NEW YORK — A US expert lauded China’s efforts to advance supply-side structural reform and said it is right on target as the country’s economy is now settling into a “new normal” of lower growth rates.
“China is producing a lot, but its people are not buying it. The mismatch of supply and demand is a pain for the economy. However, the supply-side reform is here to solve this problem,” said Zhao Yao, professor and co-director of the Supply Chain Analytics Laboratory at the Business School of Rutgers University.
Structural reform on the supply front requires industries to change focus from blind expansion to the actual demands of customers through offering innovative products, analysts say.
“Supply-side reform is mainly two things, one is to improve the Chinese companies’ productivity and the other is to win the competition in a global market,” said Zhao at a Chinese executive training program held at Rutgers Business School on May 24.
China’s economy has maintained high growth since its reform and opening-up. However, the country only garnered a 6.9 percent growth rate in 2015.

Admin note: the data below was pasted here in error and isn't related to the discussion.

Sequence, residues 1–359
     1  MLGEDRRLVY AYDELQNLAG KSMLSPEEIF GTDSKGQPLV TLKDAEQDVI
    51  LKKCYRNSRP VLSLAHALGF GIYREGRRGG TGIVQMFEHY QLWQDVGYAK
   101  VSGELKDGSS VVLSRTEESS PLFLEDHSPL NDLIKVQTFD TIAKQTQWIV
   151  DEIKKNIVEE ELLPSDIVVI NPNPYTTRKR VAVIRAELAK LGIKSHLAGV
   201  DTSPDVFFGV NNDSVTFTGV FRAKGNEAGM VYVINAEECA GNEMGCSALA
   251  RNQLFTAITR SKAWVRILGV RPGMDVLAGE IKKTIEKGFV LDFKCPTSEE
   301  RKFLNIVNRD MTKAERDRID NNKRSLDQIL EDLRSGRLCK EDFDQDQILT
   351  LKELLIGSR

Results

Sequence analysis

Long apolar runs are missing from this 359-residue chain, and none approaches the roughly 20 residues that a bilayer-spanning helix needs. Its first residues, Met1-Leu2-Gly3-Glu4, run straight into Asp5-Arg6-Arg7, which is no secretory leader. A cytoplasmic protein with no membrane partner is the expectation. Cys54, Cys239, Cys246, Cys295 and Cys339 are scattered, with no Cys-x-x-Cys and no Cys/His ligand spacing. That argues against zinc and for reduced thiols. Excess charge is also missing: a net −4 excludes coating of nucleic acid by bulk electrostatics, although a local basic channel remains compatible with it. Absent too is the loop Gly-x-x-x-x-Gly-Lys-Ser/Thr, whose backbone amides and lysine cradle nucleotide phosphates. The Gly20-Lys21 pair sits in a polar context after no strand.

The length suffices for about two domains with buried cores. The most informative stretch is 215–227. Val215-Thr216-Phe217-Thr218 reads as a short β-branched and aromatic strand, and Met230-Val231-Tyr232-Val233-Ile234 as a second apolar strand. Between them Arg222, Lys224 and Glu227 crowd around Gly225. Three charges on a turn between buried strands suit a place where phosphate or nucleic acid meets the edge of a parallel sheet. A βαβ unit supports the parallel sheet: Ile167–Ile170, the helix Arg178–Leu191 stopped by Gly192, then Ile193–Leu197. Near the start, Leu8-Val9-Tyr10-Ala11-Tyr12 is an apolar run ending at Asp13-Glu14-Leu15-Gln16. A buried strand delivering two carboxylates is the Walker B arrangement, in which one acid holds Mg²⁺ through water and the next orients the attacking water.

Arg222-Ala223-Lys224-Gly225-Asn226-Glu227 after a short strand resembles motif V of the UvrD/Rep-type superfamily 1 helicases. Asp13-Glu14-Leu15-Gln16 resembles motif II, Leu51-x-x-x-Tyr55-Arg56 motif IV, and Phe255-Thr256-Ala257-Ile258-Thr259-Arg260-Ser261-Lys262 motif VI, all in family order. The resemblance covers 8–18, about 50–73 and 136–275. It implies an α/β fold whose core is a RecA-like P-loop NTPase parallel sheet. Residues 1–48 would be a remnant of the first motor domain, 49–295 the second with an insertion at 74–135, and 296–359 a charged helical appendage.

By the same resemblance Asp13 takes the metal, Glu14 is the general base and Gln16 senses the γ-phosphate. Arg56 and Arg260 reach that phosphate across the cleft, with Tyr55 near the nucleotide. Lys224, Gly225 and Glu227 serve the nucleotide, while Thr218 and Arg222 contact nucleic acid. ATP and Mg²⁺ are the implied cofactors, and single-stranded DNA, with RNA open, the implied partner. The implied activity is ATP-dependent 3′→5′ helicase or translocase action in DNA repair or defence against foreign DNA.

Zhao pointed out that as the country’s economy enters a new normal, it needs to shift its focus from scale and speed toward quality and efficiency, which is just what the supply-side reform is calling for.
At a key economic meeting held at the end of 2015, China’s policy makers pledged to take steps to push forward the supply-side structural reform in 2016 and beyond, supporting growth through new demand and productivity.
It is seen as an innovative move to guide the world’s second largest economy and a proactive decision to make it more competitive internationally.
To push forward the reform, China needs to build a unified market to reduce marketing expense for companies, said Zhao.
The country has to invest in a fast and efficient transportation network to reduce logistic cost for companies and to encourage fine competition and innovation, especially for the small and medium-sized companies, he added.
Meanwhile, a continued effort to fight corruption is also important as this can help companies reduce the hidden cost.
“With all this done, I am sure China’s companies will take more than half the space in the Fortune 500,” said Zhao.